The above neurodevelopmental diagnoses and differences are often characterized by observed divergence in executive functioning (EF) [23,24,25,26]. As such, one important neurodevelopmental aspect that informs treatment planning is EF. EF enables engagement in goal-directed cognitive and behavioral regulation [27]. Frequently mentioned manifestations of EF differences include reduced inhibitory control, working memory, and set-shifting abilities [28]. Research on EF in ARFID (in comparison to anorexia nervosa) is extremely limited, although one study identified rigidity (as opposed to flexibility, an aspect of EF) as a significant predictor of selective eating in a range of pediatric sub-samples [29]. One recent study that examined neuropsychological task performance in children and adolescents with ARFID versus AN identified task-dependent deficits in set shifting and cognitive flexibility only in those with ARFID [30]. Whereas these EF-related difficulties are more consistently documented in adults with AN, findings in younger patients with AN appear to be more mixed [31, 32]. Our clinical observation is that many children with ARFID benefit from treatment accommodations to set them up for success in the context of EF difficulties.

Pediatric patients with ARFID and EF difficulties may present with different degrees of abilities to direct attention, to organize and integrate information, to demonstrate flexibility, to engage in planning, to regulate emotions, and to engage in self-monitoring. As a result, certain ARFID patients may present with difficulty shifting from one task or setting to another (e.g., from a difficult meal or snack to a therapy group or vice versa), difficulty tracking time (e.g., during meals), and difficulty with multitasking or completing complex sequential tasks (e.g., completing a self-monitoring log while eating or determining where to start on a multi-component meal, particularly when anxiety is high). Weak central coherence (i.e., preferential focus on details and difficulty integrating details into a ‘whole’ [33) in patients with EF difficulties can make approaching a meal more challenging when one particular component is a feared or non-preferred food. Additionally, certain patients may become overwhelmed by the amount of food presented if presented all at once (resulting in difficulty getting started with eating), and/or have significant difficulty adjusting to meal-plan changes.

For patients who have difficulty approaching a meal due to overwhelm in the presence of a non-preferred food, making accommodations to what foods are presented as part of the meal is often useful, with small portions of non-preferred foods perhaps presented alongside their standard meal as a ‘taste test’ that does not factor into nutrition completion at that sitting. This approach is similar to CBT for ARFID wherein non-preferred foods are taste tested in small amounts before the food is incorporated in meal- or snack-sized portions [34]. This may be particularly useful in the treatment of children with longstanding picky eating and sensory sensitivities. In practice, this may involve presentation of meals that meet patients’ caloric needs but are low in variety or do not fit within standard social conventions (e.g., snack foods presented as the primary component at meals with smaller, bite-sized portions of non-preferred foods, nutritional supplements plated alongside meals). Like in CBT for ARFID, this approach prioritizes meeting nutritional needs and creates smaller and more approachable goals to support the introduction of new foods. For children with longstanding eating difficulties exacerbated by underlying sensory differences, it should be noted that the goal of treatment is not to change underlying sensitivity but to increase ability to meet nutritional needs in the context of said sensitivities. This approach is similar to the Feeling and Body Investigators (FBI) [35, 36] approach, for example, in which interoceptive sensitivity is harnessed to promote more adaptive engagement with bodily sensations (including acceptance and interoceptive exposures).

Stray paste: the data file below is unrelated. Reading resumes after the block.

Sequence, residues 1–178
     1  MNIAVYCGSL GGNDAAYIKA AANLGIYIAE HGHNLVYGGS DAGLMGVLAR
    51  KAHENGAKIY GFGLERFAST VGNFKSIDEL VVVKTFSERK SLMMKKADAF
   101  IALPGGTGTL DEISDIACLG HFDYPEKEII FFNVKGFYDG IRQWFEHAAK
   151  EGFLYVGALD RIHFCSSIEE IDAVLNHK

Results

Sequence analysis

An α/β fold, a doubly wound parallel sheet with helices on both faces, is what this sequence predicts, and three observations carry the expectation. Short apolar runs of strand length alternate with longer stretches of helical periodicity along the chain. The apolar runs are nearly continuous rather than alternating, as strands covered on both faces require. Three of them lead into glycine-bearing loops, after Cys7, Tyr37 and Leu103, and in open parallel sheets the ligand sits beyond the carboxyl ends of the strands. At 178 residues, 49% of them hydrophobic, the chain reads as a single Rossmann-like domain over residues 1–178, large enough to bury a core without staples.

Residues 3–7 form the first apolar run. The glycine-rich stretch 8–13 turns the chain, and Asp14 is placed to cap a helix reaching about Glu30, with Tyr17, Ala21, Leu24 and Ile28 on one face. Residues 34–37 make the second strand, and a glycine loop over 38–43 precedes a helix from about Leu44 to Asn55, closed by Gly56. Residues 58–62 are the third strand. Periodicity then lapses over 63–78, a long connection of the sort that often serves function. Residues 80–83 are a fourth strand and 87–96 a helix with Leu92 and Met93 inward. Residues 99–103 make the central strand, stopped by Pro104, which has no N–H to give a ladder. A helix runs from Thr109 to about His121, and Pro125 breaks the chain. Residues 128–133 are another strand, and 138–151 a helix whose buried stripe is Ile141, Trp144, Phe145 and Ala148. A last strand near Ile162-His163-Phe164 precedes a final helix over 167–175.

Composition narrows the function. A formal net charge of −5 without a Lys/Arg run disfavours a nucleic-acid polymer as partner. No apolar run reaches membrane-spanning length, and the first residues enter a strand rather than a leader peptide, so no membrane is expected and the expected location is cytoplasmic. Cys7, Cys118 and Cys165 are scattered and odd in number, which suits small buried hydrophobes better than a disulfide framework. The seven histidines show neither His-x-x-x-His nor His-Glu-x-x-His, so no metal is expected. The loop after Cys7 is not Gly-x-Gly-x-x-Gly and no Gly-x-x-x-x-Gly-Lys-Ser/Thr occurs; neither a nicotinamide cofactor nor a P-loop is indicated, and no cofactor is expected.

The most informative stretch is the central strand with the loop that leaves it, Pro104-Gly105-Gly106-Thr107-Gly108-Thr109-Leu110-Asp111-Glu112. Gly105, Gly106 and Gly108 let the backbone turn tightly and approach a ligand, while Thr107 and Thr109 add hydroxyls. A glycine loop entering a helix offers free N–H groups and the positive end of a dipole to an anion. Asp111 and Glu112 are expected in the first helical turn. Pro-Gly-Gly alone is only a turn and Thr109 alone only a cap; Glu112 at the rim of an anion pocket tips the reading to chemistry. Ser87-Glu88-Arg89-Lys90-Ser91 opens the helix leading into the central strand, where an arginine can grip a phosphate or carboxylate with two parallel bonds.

For patients who have difficulty initiating eating due to the amount (i.e., volume) of food presented, accommodations may be made to facilitate breaking down the task at hand in a more manageable way, such that patients are presented with, for example, half of their food to start and the remaining half upon completion of the first half. Patients with self-monitoring and/or time-tracking difficulties may benefit from more frequent reminders and prompts regarding the amount of time remaining in the meal to facilitate appropriate pacing. We also aim to make self-monitoring tools as accessible as possible by keeping time-tracking tools such as sand timers, simple thought records/exposure logs, and visual reminders of patients’ reward systems in the meal room.